radiallyfrom its source. For instance, if two clocks (whether stationary or rectilinearly moving relative to one another) were at quite a large distance from one another -- even a distance as great as the diameter of the orbit of Jupiter -- but if the line between them, at its mid-point, were at right angles to the line thereto from a much more distant pulsar, then each pulse of the pulsar would arrivesimultaneouslyat each of the clocks, and they could be synchronised using the pulses. If the pulsar were tens of thousands, or maybe even a hundred-thousand, light-years away from the clocks, the distance between the clocks, even if it were as large as the diameter of the orbit of Jupiter, would be so small in comparison as to be negligible as far as subtending a measurable angle at the pulsar goes; and it would be utterly unreasonable to suppose that photons (or light waves) from the pulsar with such a small angle between their trajectories would have travelled all the way for tens of thousands of years at different speeds: even a tiny difference in speed at that distance would amount to a huge and easily detectable time difference at our end. And any four such pulsars, not all of them being in a single flat plane, would enable clocks to be distributed anywhere within a sphere of diameter the size of the orbit of Jupiter, or even larger, with perfect synchronisation (within, of course, the limit of accuracy of the clocks.)I could mention many more such methods, none of which absolutely requires the second postulate of Relativity. Admittedly any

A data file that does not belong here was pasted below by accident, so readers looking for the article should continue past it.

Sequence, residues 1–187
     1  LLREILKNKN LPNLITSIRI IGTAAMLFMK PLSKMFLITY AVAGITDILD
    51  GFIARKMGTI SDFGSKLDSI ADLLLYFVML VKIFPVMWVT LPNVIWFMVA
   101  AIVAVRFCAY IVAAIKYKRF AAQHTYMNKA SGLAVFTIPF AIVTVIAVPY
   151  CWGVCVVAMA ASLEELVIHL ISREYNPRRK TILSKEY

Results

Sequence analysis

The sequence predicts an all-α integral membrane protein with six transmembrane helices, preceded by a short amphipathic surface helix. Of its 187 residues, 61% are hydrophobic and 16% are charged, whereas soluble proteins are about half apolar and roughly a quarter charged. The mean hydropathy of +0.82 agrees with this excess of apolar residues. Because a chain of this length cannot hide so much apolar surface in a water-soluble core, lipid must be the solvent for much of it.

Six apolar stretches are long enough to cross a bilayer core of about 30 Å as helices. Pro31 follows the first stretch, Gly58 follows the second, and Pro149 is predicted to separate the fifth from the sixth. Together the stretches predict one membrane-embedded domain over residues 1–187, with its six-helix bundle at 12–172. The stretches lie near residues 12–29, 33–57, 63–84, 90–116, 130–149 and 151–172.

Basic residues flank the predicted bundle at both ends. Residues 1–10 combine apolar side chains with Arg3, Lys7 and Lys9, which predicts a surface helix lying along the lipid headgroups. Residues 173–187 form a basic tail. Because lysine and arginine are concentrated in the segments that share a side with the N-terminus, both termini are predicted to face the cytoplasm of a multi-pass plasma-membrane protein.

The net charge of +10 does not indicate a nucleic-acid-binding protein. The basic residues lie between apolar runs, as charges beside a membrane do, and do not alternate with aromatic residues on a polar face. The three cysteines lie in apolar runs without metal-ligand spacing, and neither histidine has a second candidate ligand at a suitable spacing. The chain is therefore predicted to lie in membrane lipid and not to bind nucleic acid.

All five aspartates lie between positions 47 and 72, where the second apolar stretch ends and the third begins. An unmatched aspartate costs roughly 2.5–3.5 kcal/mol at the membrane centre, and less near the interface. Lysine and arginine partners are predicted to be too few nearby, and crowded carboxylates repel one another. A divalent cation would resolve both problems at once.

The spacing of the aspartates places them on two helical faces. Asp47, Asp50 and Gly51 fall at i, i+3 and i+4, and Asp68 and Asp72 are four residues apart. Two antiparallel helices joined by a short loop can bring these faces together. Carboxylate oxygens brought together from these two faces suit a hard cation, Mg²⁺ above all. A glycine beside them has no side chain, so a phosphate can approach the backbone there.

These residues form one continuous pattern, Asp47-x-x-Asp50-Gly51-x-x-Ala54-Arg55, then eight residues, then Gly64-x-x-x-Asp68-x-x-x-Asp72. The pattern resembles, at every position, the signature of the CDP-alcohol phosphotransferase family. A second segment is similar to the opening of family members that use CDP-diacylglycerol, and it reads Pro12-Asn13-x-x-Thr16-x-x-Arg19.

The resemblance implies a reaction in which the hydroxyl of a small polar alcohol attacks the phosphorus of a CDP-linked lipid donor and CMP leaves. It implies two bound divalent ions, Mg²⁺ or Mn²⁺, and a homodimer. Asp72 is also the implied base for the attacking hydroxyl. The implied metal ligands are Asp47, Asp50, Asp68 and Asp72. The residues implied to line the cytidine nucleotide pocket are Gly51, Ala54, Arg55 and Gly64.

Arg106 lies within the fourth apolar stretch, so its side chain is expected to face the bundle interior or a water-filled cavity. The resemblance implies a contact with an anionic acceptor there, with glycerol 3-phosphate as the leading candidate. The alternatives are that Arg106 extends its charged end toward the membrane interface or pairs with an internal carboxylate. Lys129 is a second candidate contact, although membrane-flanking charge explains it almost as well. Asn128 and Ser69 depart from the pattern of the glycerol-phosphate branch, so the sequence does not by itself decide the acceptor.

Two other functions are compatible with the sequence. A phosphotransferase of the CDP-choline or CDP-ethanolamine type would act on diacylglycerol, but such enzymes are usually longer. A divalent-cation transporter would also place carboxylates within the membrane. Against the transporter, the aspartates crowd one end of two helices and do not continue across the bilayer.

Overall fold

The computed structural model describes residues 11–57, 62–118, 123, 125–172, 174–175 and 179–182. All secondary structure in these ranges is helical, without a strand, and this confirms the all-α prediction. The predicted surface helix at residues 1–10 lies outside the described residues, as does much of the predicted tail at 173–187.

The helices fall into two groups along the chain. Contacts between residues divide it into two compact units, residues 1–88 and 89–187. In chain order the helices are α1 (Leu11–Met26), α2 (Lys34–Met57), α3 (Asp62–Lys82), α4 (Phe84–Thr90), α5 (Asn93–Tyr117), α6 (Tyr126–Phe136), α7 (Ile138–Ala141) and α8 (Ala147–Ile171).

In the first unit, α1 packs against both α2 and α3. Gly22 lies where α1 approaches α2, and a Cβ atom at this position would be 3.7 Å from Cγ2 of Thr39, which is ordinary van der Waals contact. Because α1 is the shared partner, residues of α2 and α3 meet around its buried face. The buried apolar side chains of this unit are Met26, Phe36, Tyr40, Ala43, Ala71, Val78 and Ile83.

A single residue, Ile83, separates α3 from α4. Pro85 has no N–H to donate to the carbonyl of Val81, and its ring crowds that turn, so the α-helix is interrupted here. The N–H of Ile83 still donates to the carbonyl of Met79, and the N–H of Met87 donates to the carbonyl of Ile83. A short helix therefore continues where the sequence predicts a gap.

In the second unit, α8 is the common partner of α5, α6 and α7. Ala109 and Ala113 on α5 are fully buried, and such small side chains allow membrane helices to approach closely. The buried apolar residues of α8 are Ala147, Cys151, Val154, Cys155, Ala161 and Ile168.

oneof these methods may have some flaw in it which I might have overlooked, but ifallthe methods were applied to a distant pair of clocks, and if they all agreed with one another, then one could be virtually certain that the clocks were indeed synchronised. And if one of the methods disagreed with the others, it could be discarded as unreliable. It is most unreasonable to assume thatallof them would disagree withallthe others.So you see, it is NOT necessary to have the second postulate of Relativity to synchronise clocks (and thereupon to obtain a universal time, valid for all of space.)

And as I said earlier, once a universal time is obtained, the rest of Relativity -- both the Special and General Theories -- must perforce collapse!

As a matter of fact, the Principle of Relativity only seems commonplace when we forget about the peculiarity of asserting "no matter what is your reference frame" for light phenomena: in principle, it would instead be reasonable to claim that light